McDonald, a veteran had enough experience and savvy to relish his success.  He says he didn’t get caught up in looking over shoulder to see if anyone was gaining on him.  “I enjoy every day.  That’s one thing that I’ve learned throughout the years.  I know it’s a business.  I try to work hard and be prepared every day”

     In a season filled with struggles for the undermanned PawSox, D-Mac provided the high point for our entourage.  After a nondescript game against the Red Wings, we huddled around manager Torey Lovullo’s laptop computer to watch the rest of the Red Sox game.  Darnell had already made a great first impression.  In the bottom of the eighth he hit a game-tying two run homer, pinch hitting for Josh Reddick.  In the ninth, Darnell lofted one off the Green Monster, bringing in the winning run. While he tried to avoid being trampled by Kevin Youkilis and the rest of his new teammates in the jubilant aftemath, his Pawtucket brethren erupted, high-fiving and hugging, celebrating, as if they were there.  D-Mac was touched by the PawSox celebration, hundreds of miles away.  “When you’re as little kid, playing wiffle ball in the back yard, those are the scenarios that you imagine…for it to happen to me at Fenway Park, with the great fans we have here…it was unbelievable.”  Immediately, Dustin Pedroia tagged him with a nickname, paying homage to a former Detroit Pistons standout.  “He’s the Microwave.  No more Vinnie Johnson.  He heats up and provides instant offense.”

     With a year in “the Nation” under his belt, Darnell McDonald is vying for a spot on the Red Sox roster.  Common sense dictates that he and Mike Cameron will be the extra outfielders on the Sox roster.  McDonald takes nothing for granted.  “I’m just going to try to earn a job, be ready to go.  The only thing that has changed is my level of excitement.  To be able to come back and see a lot of familiar faces and just get going.”

     He won’t take anyone by surprise this year.  Red Sox Nation knows Darnell McDonald.

LET’S HOPE THE BUCH DOESN’T STOP HERE

     As I enter my eighth season as voice of the PawSox, I realize I have been fortunate to witness the emergence of many great players since 2004.  Pedroia, Youkilis, Lester etc.  You sense when a kid may become a success.  Sometimes you’re right.  Clay Buchholz was one such guy for me.  His “stuff” was undeniable in the minor leagues.  The question was whether he’d be able to harness his immense gifts and succeed at the Major League level.  Well, we now know the answer to that.  In 2010, Clay stepped out of the shadows and went 17-7 with a sparkling 2.33 ERA, second best in the American League.  Buch also made his first All Star team, as well, and finished 6th in the American League Cy Young voting.  Not bad for a young man who went into Spring Training not knowing whether he’d be in Boston or back at McCoy.  Clay told me he is ready for whatever Fort Myers offers this Spring.  “I feel good.  The approach is locking down a spot in this rotation.  The stress isn’t going to be there like it has in the past couple of years. Although, I think it did actually make it better the last couple of Spring Trainings, knowing the spot wasn’t mine.  I had to earn it.  I’ve worked hard to get where I am, and there’s no need to stop now.”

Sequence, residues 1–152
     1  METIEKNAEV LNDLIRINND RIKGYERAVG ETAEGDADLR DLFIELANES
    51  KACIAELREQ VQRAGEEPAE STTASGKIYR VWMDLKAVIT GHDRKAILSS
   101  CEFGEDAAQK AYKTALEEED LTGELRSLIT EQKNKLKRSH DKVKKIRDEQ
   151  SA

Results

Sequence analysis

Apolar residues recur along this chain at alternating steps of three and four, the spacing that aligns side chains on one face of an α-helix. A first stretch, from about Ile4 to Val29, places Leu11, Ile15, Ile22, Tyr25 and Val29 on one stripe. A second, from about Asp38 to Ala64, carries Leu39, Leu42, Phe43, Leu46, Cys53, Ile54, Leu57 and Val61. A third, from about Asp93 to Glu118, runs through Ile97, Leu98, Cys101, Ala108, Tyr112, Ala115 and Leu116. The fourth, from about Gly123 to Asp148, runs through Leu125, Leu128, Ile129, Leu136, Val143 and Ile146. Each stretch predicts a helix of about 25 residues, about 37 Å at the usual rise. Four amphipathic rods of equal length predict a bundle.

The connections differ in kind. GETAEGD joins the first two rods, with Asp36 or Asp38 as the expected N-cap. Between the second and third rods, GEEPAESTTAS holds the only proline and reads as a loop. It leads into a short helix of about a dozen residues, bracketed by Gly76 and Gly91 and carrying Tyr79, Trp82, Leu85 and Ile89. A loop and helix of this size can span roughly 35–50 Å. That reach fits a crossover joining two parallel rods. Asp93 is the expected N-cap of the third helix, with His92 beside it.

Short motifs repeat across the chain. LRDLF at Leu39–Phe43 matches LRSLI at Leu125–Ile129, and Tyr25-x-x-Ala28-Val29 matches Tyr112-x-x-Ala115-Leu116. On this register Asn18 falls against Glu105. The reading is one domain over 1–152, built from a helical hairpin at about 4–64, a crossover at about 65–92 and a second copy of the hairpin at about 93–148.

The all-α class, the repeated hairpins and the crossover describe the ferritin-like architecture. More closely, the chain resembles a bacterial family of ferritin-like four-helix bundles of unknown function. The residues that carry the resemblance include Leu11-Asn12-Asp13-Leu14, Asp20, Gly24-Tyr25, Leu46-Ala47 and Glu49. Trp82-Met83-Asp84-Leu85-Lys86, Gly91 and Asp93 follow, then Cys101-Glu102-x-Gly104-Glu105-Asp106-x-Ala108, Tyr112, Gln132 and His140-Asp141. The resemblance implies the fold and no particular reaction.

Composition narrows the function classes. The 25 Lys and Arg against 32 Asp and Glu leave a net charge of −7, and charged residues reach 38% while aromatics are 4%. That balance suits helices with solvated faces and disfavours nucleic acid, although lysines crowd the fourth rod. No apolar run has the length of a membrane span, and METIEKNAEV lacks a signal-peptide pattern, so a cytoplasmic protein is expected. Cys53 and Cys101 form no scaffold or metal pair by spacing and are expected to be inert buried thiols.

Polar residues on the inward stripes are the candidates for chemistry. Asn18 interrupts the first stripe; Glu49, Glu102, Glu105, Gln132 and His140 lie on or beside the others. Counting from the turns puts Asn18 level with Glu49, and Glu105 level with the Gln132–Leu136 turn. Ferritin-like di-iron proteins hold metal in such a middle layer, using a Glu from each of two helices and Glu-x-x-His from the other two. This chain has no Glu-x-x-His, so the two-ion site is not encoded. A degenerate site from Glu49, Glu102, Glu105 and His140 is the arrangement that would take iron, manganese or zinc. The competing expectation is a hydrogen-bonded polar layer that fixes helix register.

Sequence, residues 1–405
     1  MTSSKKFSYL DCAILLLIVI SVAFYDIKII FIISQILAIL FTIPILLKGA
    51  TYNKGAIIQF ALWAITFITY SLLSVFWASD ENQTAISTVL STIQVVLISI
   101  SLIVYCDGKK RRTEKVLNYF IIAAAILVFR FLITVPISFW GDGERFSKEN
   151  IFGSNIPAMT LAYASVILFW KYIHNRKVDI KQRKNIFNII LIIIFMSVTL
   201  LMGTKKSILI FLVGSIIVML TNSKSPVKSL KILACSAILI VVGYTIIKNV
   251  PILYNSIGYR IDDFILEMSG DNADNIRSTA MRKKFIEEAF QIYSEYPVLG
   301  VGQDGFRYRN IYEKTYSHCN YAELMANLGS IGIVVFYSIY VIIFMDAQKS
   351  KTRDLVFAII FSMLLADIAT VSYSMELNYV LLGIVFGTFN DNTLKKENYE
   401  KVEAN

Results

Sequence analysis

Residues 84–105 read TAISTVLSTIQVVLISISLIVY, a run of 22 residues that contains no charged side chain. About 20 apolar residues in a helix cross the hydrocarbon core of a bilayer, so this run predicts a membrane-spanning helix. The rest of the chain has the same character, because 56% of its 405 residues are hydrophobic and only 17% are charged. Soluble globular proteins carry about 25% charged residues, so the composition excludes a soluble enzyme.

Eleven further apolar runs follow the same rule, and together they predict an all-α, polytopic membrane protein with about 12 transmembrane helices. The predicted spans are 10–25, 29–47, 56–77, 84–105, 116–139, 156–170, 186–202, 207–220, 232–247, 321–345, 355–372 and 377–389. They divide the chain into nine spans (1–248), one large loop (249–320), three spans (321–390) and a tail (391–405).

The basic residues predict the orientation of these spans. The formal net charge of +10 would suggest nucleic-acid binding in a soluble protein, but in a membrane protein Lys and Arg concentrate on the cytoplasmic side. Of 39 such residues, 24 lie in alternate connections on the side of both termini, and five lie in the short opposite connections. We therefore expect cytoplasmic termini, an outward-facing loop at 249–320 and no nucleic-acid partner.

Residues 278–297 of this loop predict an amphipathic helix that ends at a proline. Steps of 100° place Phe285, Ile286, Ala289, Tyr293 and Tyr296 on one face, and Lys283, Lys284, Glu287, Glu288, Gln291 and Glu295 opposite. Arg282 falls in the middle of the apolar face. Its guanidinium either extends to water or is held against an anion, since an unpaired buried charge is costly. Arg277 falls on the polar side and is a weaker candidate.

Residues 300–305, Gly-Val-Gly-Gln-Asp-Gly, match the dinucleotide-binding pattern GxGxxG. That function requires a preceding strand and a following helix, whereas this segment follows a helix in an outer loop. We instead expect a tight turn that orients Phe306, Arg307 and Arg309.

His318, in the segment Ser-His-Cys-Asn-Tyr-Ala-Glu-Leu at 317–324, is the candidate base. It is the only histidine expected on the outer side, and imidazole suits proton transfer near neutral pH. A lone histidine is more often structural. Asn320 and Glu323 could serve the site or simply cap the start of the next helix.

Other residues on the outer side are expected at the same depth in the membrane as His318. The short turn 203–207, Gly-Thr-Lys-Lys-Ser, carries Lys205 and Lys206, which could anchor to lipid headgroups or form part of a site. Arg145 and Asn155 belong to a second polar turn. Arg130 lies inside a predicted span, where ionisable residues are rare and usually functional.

Clay Buchholz has journeyed up and down route 95, between McCoy and Fenway many times.  That is one of the reasons he relishes the success he enjoyed in 2010.  “It was awesome.  It was a fun season.  I overcame a lot of struggles I went through and learned a lot too.  It definitely helped me to get the confidence that I needed to have to go out there and pitch every five days in this town, and against the competition we play every day.”

     The young Texan is somewhat cautious when the term “Ace of the Staff” is thrown at him.  “When you’re a little kid, growing up, in your wildest dreams, if you were ever mentioned in the same sentence as Jon Lester, Josh Beckett, John Lackey…it would make my world.  That’s sort of where I’m at right now.”

     While Clay enjoyed personal success in 2010, he is hungry for team success in 2011.  Buch is excited about the group in Fort Myers, and what they could accomplish. “This team is one of the best teams anyone’s ever seen on paper, right now.  Pedey is back healthy, Youk’s healthy and the key acquisitions they made during the offseason, it’s definitely going to be something to watch.”

     Another event that the Sox had to endure in 2010 was the tragic accident that claimed the leg of first base coach Ron Johnnsons’ daughter, Bridget.  Buch and RJ go way back to their time together in the minor leagues.  Clay was looking foward to Johnsons’ return.  “RJ’s the best.  He never changed.  When he got to the Big Leagues, he never changed, and that’s what everybody loves about him. He is a guy who will always make you laugh.  He helps us, because he helps keep everyone  relaxed.”

     A burgeoning career, a beautiful wife and a new daughter.  Life is good these days for Clay Buchholz.  He appreciates it.  “I never expected I’d have a baby as good as Colby is.  She never cries.  Lindsay and I are just keeping our fingers crossed.”  Colby got here just in time to watch her daddy pitch for the Red Sox.